Paying the Beggar Man

Posted on January 26, 2012

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I think sometimes, beggars are angels visiting us.

 

Ever since I can remember, there has always been a Beggar Man. Most of the time he or she is found in the city. When I was younger, we never saw then in my hometown, but as times have changed in 40 years, you can see them now.

Anyway, as I move full on into adulthood and began to go more places and see more people and more of the place upon place and street upon street of business and housing, I also began to notice that some beggars do it for a living and some do it as a last resort.

I have given Pan-handlers as they used to be called money, and I have given money to they guy playing guitar on the sidewalk and the guy with the cup and sign that says he won’t lie he needs cigarettes and beer. (Those of you reading this from Indy know who I am talking about most likely.)

I also give to the Salvation Army, Goodwill, needy families and animal shelters.

But once in a while, when a stranger is standing on a busy exit ramp (risking life and limb) or approaches me in a parking lot, I will give them something if I have it to give. Sometimes I am not in a place to give and I just say so.

“Sorry, but today I am broke too.”

This honest guy just wants to get back home! :0)

Sometimes if I have no money to give, I say a prayer. My prayer is always the same no matter who it is for:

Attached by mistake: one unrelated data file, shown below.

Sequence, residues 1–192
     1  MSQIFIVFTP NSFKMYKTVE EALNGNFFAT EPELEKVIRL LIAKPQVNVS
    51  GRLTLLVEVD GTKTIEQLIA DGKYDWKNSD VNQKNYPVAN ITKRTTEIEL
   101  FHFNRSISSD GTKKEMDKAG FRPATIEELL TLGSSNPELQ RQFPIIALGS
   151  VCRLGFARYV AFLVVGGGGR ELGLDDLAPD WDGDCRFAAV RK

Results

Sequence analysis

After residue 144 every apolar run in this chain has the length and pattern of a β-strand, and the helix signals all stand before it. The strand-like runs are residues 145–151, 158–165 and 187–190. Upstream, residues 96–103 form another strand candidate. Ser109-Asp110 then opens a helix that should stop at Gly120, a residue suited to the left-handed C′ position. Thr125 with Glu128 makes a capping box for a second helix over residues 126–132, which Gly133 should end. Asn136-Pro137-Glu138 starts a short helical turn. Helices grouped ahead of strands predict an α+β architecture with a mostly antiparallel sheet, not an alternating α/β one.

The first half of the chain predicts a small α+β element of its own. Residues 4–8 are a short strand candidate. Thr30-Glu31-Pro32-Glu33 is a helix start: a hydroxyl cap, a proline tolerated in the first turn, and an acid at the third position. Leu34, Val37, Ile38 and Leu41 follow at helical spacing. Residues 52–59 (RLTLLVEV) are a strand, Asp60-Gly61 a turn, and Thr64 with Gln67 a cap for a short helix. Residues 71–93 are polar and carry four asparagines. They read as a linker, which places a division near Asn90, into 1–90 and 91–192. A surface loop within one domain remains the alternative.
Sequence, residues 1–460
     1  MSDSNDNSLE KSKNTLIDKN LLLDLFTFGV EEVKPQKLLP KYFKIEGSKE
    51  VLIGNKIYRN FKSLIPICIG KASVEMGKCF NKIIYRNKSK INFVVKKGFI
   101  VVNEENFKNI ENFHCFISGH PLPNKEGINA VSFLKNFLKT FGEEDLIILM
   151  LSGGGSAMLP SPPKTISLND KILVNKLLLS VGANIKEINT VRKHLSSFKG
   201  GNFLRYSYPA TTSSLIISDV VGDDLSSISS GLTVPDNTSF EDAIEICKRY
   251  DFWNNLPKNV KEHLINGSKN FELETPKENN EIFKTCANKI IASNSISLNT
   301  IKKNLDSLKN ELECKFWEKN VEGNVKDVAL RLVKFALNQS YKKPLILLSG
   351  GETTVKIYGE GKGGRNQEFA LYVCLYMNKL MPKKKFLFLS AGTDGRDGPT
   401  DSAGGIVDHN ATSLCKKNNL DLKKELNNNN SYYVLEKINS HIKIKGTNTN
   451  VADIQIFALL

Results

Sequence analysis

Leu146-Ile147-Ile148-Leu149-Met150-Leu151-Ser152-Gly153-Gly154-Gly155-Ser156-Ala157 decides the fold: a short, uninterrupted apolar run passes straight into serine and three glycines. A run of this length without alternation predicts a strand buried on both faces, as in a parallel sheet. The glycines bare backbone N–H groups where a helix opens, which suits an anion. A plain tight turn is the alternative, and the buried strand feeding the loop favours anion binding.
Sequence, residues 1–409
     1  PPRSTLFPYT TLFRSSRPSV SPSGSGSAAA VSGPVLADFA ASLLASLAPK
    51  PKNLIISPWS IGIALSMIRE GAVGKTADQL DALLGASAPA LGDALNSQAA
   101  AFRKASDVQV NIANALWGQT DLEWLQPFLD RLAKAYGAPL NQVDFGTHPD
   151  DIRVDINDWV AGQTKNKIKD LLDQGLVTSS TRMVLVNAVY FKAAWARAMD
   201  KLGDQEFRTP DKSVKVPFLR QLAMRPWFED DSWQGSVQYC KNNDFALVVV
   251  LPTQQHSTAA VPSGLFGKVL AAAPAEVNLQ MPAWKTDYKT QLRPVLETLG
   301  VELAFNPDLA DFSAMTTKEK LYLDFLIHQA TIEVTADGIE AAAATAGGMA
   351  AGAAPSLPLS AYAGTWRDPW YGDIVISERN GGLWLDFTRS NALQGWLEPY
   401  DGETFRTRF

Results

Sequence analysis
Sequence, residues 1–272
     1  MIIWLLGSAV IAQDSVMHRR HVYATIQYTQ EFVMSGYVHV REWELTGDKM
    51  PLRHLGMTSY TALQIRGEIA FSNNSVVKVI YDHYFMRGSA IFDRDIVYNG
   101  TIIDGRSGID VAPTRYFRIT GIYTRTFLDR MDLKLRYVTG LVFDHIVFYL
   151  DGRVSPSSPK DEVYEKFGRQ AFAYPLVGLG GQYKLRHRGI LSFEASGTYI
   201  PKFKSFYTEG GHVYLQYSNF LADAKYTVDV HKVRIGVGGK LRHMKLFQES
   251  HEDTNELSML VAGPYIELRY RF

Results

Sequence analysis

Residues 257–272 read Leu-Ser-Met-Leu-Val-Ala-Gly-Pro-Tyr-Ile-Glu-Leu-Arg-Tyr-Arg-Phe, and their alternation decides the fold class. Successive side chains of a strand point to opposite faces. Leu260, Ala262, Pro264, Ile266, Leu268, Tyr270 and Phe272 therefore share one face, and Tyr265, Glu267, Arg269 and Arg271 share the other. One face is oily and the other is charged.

“May you be blessed with a hot meal and warm, dry place to sleep. Thank you Creator.”

The thing I have learned in life is that there is no one with nothing to give, EVERYONE can give a prayer. It is our “one for sure” thing nobody can take away from us because we do not have to pray out loud in order for The Creator to understand us or hear our communication.

I have several very interesting stories about begging that have happened over my life.

One that is very comical is the day a “professional escort” approached me in the parking lot of my work. She gave the “need money for the bus” spiel. I have heard that one before. Anyway, I have not bills on me and I had seen her walking up and downWashington St.many times, so I got in my console and grabbed out about two dollars worth of change (her lucky day-I had not been to Wendy’s for French fires). So I turn around and she is standing there with a cup so I toss the handful of change into her 32 oz. fountain soda cup.

“What’d you do that for!?” She exclaimed, looking very puzzled.

I was lost. I thought what the eff….she asked for money and has a cup?!

 

“I thought the cup was for the money you are collecting.” I said nervously, feel a rush of embarrassment come over me. Embarrassment b/c I dropped change into the 32oz soda this person who had just asked me for a hand out was drinking.

I looked at her and busted out laughing.

“Well, I guess you will just have to finish your drink before you can use that money!”

She laughed, thanked me and was on her way.

Most of the time if you have a cup and ask for money someone is gonna throw it in there!

I gave another guy a buck one morning after another co-worker told him no as I was coming into work. Seems I must work on a street heavily travelled by those on foot and in need of money!

My latest encounter will most likely be the most memorable. It was last Friday. Bitter cold day, one of the coldest we have had this winter inIndianapolis. I was at the gas pump and I have my coat hood up to shield from the wind.

I hear a faint “Ma’am?” I pay no attention as it seems far away and not for me. Then I hear it again, a bit stronger.

I turn to see an older gentleman, a bit shorter than me, holding some papers. I figured it was a special needs solicitation.

I asked what he needed and he asked if he could come closer. (He was standing about 30 feet from me at this point.)